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Publication numberUS3427118 A
Publication typeGrant
Publication dateFeb 11, 1969
Filing dateJul 1, 1966
Priority dateJul 2, 1965
Also published asDE1501900A1
Publication numberUS 3427118 A, US 3427118A, US-A-3427118, US3427118 A, US3427118A
InventorsAndress Bernhard, Kuchelbacher Ludwig
Original AssigneeSiemens Ag
Export CitationBiBTeX, EndNote, RefMan
External Links: USPTO, USPTO Assignment, Espacenet
Ignition device for oil-fired boilers
US 3427118 A
Abstract  available in
Previous page
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Claims  available in
Description  (OCR text may contain errors)

Feb. 11, 1969 B. ANDRESS ETAL 3,427,118


Feb. 11, 1969 AN-DRESS ET L IGNITION DEVICE FOR OIL-FIRED BOILERS Sheet Filed July 1. 1966 United States Patent 3,427,118 IGNITION DEVICE FOR OIL-FIRED BOILERS Bernhard Andress and Ludwig Kuchelbacher, Erlangen, Germany, assignors to Siemens Aktiengesellschaft, Erlangen, Germany Filed July 1, 1966, Ser. No. 562,233 Claims priority, application Germany, July 2, 1965,

Us. Cl. 431-258 3 Claims Int. c1. F23q 7/06; F02c 7/26 ABSTRACT OF THE DISCLOSURE Our invention relates to a device for igniting the oil mist of a boiler operating with crude oil in which a sufficiently large volume of an ignitable oil-air mixture is heated up to its ignition temperature.

Known devices of this kind place a powder charge into the combustion chamber and electrically ignite the charge to thereby ignite the oil-air mixture. Thereafter the carrier of the powder charge must be moved out of the combustion chamber.

It is an object of our invention to provide an ignition device operation that affords maintaining the ignition device completely separated from the combustion chamber not only before and after the ignition but also during the ignition interval.

Another, conjoint object of the invention is to provide an ignition device for oil-heated boilers that minimizes the wear imposed upon the device thus reducing maintenance requirements and prolonging its useful life.

According to the invention, we provide an oil-air ignition device which effects ignition by strongly bunched radiation of an optical transmitter released by a source of excitation and operating with a selectively fluorescent medium, such as embodied by radiation from a laser.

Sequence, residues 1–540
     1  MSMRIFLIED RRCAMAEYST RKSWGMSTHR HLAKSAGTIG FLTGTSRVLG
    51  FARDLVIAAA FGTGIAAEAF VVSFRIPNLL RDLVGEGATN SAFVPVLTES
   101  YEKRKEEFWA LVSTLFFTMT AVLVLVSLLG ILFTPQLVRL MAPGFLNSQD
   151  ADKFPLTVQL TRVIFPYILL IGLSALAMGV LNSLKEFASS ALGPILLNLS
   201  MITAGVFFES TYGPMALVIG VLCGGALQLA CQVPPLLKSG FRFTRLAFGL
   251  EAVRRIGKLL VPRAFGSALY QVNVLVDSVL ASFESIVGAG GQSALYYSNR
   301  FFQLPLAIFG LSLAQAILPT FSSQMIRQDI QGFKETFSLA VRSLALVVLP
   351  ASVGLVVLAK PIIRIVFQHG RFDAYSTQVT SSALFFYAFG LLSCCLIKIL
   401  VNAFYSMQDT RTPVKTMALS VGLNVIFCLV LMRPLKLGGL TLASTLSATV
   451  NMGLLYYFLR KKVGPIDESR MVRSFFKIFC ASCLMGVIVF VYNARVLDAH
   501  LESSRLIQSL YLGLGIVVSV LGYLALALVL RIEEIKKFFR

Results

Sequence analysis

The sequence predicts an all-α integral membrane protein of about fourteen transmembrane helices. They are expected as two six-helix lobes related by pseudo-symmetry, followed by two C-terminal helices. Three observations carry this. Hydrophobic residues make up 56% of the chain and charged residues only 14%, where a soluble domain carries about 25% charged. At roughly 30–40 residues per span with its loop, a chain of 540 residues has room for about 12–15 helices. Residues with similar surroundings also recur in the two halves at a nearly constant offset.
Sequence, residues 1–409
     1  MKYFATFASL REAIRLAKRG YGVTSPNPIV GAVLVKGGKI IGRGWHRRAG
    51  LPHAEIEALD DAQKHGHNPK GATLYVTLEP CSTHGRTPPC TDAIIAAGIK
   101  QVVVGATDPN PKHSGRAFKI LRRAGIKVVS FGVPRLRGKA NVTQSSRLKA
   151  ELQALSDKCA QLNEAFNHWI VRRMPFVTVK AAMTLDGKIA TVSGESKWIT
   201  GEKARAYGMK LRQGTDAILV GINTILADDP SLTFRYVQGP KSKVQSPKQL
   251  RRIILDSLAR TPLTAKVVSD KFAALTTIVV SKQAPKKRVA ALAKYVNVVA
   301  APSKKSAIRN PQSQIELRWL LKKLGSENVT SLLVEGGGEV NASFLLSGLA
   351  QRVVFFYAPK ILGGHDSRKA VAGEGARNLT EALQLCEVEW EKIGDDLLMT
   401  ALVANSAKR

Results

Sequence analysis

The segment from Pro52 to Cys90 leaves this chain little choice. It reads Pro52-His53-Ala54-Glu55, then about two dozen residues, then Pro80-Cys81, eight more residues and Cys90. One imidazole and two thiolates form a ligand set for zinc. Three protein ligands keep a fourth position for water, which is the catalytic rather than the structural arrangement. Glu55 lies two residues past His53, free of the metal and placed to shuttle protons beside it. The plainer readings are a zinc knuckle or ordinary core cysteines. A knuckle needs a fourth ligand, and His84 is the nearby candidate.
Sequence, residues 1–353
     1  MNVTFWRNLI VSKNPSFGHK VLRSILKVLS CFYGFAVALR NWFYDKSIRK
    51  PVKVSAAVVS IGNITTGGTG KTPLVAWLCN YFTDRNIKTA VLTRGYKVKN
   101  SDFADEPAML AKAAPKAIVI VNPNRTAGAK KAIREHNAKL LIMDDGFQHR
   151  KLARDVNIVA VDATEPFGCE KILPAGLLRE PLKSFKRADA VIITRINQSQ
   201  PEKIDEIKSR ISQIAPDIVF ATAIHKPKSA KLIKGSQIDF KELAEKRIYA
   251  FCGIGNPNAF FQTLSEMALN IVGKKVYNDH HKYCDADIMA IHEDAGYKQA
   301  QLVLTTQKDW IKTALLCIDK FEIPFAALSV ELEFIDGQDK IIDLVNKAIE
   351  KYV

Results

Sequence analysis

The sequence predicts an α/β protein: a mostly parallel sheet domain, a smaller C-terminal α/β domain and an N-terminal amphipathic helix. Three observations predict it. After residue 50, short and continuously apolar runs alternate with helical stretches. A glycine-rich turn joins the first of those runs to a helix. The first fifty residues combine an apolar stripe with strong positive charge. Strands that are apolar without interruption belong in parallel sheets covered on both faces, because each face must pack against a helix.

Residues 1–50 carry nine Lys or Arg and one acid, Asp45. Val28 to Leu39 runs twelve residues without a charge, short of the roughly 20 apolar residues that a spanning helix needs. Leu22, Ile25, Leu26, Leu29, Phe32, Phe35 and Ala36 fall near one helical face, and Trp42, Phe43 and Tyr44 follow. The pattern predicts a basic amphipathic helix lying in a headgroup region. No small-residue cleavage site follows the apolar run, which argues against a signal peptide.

The invention is predicated upon the recognition that, with a sufficient energy density in a sutficiently large volume of oil mist, the amount of laser light absorbed by the mist will suffice to ignite the oil-mist volume, and that the thus initiated combustion will continue after cessation of the ignition pulse.

Before describing an embodiment of an iginition device according to the invention, it will be helpful to consider its principles. To afford igniting furnace oil by laser pulses, essentially three requirements must be met:

('1) The oil must sutficiently absorb the laser radiation,

(2) The laser radiation must impinge upon an ignitable mixture of oil and air,

(3) The energy density of the laser radiation must be sufficiently large to attain the ignition temperature of the oil, and this energy density must be attained by shortlasting ignition pulses within a sufiiciently large volume of the oil-air mist, so that after decay of the ignition pulses the generation of heat within this volume is larger than the radiation losses, thus causing the combustion to continue.

Patented Feb. 11, 1969 The invention will be further described with reference to the accompanying drawings in which:

FIG. 1 is an explanatory graph;

FIG. 2 shows schematicallyand in section an ignition device according to the invention; and

FIG. 3 is a schematic circuit diagram of the same device.

To afford judging the amount of energy transmission fromthe laser radiation to the furnace oil, the absorption of an oil in liquid form was determined in the spectral range of 0.5- 2 ,um. The result is illustrated in the diagram shown in FIG. 1 in which the abscissa indicates the wave length (A) of the laser light in micron (,um.) and the ordinate indicates the median penetration distance w in am. of the laser light, which is identical with the reciprocal value of the absorption constant K of the furnace oil, the ordinate value being represented on a logarithmic scale. It follows from FIG. 1 that it is favorable to employ a laser radiation of shortest feasible wave length. The radiation of a ruby laser is therefore better suitable than that of a neodymium-glass laser. For the wave length of the ruby, the median penetrating depth w in the oil film amounts to 36 m. corresponding to an absorption constant of K=2 8 mm.- An ignitable oil-air mixture is present if the oil is heated over C. (flame point 80- C.) and the volumetric ratio of oil (gaseous) to air is a few percent. Relating to the liquid oil, this corresponds approximately to an oilzratio of 1:1000. When furnace oil is atomized to a mist with the aid of a spray nozzle, similar dilutions are obtained. This is tantamount to the fact that with this dilution the laser radiation is absorbed up to 37% upon passing through a path length of about 36 mm. Consequently the median penetrating depth w of the laser light in the oil mist is approximately 36 mm.